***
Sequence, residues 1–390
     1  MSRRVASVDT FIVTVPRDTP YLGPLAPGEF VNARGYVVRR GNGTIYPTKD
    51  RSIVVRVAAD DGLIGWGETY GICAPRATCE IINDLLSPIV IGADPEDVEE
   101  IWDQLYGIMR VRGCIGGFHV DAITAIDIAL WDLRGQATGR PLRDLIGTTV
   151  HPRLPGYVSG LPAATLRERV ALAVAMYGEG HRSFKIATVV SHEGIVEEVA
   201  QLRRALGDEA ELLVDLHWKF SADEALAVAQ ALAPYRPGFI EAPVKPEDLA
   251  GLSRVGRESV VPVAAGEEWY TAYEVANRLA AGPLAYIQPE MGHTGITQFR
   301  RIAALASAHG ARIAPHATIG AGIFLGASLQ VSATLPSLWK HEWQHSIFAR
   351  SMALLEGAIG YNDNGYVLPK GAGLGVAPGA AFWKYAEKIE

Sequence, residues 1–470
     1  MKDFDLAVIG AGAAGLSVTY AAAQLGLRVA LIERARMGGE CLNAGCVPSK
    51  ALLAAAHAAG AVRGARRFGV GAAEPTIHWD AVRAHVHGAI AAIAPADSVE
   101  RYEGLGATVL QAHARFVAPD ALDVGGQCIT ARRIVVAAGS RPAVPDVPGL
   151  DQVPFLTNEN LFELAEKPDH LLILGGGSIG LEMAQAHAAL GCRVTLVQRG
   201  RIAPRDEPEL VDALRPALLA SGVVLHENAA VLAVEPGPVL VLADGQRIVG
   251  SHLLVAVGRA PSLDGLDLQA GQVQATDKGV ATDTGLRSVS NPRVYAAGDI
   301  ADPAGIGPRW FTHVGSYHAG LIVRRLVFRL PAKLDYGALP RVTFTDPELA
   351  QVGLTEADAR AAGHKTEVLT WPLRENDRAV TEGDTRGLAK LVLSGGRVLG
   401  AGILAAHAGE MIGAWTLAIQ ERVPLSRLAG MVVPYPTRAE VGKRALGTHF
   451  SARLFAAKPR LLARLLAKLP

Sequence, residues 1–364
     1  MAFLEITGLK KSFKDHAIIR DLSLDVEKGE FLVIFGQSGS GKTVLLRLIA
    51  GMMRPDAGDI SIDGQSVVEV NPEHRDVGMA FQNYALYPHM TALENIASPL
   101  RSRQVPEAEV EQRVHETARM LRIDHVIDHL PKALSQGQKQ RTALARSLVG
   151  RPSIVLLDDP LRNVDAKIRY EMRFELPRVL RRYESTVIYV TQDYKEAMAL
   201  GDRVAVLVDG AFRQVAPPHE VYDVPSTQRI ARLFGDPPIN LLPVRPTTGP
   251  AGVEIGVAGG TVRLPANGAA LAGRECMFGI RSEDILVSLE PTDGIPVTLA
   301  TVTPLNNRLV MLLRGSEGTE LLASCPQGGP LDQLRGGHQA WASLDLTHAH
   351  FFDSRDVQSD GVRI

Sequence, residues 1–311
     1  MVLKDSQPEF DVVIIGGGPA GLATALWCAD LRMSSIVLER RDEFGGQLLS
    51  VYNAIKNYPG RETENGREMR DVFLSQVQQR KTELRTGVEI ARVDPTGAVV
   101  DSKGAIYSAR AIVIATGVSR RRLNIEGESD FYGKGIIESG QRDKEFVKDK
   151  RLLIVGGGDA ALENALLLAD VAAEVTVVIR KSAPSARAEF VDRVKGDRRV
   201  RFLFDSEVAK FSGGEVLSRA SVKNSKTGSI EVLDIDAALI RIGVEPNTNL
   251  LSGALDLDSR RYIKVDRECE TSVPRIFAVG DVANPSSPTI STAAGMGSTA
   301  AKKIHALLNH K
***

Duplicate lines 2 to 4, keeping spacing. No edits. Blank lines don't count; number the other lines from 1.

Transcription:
     1  MSRRVASVDT FIVTVPRDTP YLGPLAPGEF VNARGYVVRR GNGTIYPTKD
    51  RSIVVRVAAD DGLIGWGETY GICAPRATCE IINDLLSPIV IGADPEDVEE
   101  IWDQLYGIMR VRGCIGGFHV DAITAIDIAL WDLRGQATGR PLRDLIGTTV